Murky melodrama unfolds in a women's prison in the intriguing Chinese thriller "The Floating Shadow."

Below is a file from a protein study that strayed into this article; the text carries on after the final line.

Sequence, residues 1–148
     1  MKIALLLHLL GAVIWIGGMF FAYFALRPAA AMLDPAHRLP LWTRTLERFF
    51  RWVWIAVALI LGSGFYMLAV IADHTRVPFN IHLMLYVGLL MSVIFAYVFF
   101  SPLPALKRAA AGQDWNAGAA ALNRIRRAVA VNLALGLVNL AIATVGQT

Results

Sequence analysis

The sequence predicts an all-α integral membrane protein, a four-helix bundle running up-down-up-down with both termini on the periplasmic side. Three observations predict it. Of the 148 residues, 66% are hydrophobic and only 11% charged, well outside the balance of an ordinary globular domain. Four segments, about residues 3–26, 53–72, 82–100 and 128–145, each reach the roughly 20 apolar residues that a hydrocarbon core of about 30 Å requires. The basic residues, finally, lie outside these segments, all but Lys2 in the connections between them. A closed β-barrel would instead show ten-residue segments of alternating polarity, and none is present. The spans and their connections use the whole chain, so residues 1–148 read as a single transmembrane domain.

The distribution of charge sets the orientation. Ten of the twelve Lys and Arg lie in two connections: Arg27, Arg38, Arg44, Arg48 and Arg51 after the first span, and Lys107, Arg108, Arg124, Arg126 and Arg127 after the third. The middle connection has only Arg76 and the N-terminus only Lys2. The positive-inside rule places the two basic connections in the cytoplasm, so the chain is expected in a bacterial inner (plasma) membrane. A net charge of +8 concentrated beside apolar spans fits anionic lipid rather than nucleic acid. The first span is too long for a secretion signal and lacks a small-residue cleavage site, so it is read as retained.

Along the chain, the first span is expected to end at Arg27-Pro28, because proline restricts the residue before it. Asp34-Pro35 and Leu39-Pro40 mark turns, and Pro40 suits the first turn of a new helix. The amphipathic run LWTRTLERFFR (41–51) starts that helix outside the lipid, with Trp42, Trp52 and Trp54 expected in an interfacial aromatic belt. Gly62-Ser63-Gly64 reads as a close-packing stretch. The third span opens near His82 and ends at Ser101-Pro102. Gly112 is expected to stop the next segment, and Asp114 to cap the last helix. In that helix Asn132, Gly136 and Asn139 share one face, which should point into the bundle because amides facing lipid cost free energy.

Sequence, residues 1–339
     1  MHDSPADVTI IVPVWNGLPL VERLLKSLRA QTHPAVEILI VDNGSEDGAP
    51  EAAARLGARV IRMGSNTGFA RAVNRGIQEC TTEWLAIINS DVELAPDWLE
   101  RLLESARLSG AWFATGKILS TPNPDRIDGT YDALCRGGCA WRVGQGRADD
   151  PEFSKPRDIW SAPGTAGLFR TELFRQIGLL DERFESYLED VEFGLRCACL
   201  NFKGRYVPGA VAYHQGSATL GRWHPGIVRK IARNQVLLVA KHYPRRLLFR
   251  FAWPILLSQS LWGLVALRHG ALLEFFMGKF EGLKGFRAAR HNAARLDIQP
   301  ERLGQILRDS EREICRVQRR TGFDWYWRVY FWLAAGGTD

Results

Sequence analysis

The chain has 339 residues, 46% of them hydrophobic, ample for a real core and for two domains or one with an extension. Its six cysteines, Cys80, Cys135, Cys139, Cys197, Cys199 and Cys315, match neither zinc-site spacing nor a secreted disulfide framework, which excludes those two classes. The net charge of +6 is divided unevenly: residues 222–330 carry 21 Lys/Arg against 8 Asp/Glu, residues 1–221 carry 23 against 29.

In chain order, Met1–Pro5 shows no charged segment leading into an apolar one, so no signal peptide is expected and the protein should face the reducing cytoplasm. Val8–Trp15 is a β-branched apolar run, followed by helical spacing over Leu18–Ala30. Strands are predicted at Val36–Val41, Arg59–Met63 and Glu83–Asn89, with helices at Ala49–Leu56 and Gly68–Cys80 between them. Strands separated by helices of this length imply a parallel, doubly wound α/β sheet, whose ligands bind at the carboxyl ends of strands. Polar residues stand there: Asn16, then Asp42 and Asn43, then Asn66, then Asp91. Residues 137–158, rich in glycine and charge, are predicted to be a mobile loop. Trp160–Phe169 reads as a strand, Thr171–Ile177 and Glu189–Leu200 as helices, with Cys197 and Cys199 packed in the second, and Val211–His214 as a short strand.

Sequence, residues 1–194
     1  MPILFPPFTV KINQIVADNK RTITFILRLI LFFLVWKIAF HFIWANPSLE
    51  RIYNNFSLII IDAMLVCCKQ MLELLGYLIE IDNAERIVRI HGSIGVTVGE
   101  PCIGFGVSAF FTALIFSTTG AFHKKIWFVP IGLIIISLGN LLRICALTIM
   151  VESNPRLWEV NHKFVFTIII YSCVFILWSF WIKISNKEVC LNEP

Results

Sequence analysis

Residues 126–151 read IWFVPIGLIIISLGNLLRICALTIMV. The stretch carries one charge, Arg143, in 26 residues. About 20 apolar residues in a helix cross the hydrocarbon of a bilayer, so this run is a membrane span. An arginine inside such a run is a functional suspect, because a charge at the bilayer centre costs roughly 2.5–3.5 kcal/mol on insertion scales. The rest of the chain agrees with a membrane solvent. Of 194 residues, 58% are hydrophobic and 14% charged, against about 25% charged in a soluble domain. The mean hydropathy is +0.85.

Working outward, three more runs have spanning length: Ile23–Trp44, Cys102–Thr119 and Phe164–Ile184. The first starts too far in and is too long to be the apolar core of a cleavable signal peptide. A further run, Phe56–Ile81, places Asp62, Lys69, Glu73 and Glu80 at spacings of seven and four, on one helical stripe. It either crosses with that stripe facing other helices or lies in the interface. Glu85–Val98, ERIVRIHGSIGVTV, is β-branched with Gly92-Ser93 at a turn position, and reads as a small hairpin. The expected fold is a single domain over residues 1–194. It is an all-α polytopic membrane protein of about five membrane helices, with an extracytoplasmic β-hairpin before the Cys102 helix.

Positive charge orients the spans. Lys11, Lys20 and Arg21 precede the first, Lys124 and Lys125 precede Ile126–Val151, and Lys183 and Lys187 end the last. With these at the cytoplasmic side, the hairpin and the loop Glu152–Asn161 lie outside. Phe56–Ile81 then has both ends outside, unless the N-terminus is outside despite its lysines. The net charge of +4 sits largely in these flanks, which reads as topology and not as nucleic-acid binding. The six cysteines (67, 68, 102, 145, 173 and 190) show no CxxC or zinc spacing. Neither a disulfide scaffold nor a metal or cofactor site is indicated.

Murky melodrama unfolds in a women’s prison in the intriguing Chinese thriller “The Floating Shadow.” Recalling, although not always to its advantage, tough B-pics like “Caged” and “The Snake Pit,” TV-trained writer-helmer Jia Dongshuo’s debut feature centers on a troubled con’s interview with a cop whose shrink-like probing unravels her past. Script is not always sure-footed, but at least Jia knows where he’s going. Likewise, Li Jia’s demanding role as the troubled jailbird sometimes gets the better of her, but always holds the audience’s sympathy. Dramatic tone will be too old-fashioned for Westerners but may suit Asian-themed fests.In a baffling opening sequence, Zhou Lu (Li) seems to be in a prison, then at a school, and either the witness to a murder or the culprit in one. The confusion stems from the helmer’s decision to use the adult thesp to enact her character’s childhood memories, shifting locales from classroom to prison cell to childhood bedroom with a dream logic that may deter some auds from continuing. Things settles down when Zhou has her first interview with officer Hao Ruping (Echo Shen), who is investigating why Zhou tried to murder a fellow inmate. Thereafter, the script juggles various threads — Zhou’s childhood, her years as a teacher and her marriage to gentle chef Wang (Jiang Wu) — in a more considered fashion, allowing the protag and the viewer to fathom what has happened in the woman’s past. Li looks overwhelmed by the demands of her role, but she manages to keep Zhou likable despite frequent unsympathetic behavior. Shen Aojun has less luck as a cop with an apparent sideline in therapy; though she’s given her own subplot to explain her character’s caring approach, Shen fails to suggest enough authority, power or depth to drive a psychiatric examination, let alone solve one. In his supporting role, Jiang exudes warmth as the husband who has married a woman he cannot understand. In his first feature after more than 20 years as a tube director, helmer Jia doesn’t always display a tight grip on the proceedings, but his talky script exhibits sufficient mystery to keeps auds intrigued. California-based Michael S. Ojeda’s lensing reaches for a dark noirish feel but never quite hides the sets‘ soundstage origins; by contrast, the imagery often has a soft-focus tinge that reflects Zhou’s internal state but distracts from the visuals overall. Piano score by Klaus Badelt (“Catwoman,” “Solomon Kane”) is overly insistent, but suits pic’s old-fashioned tone. Other tech credits are good enough.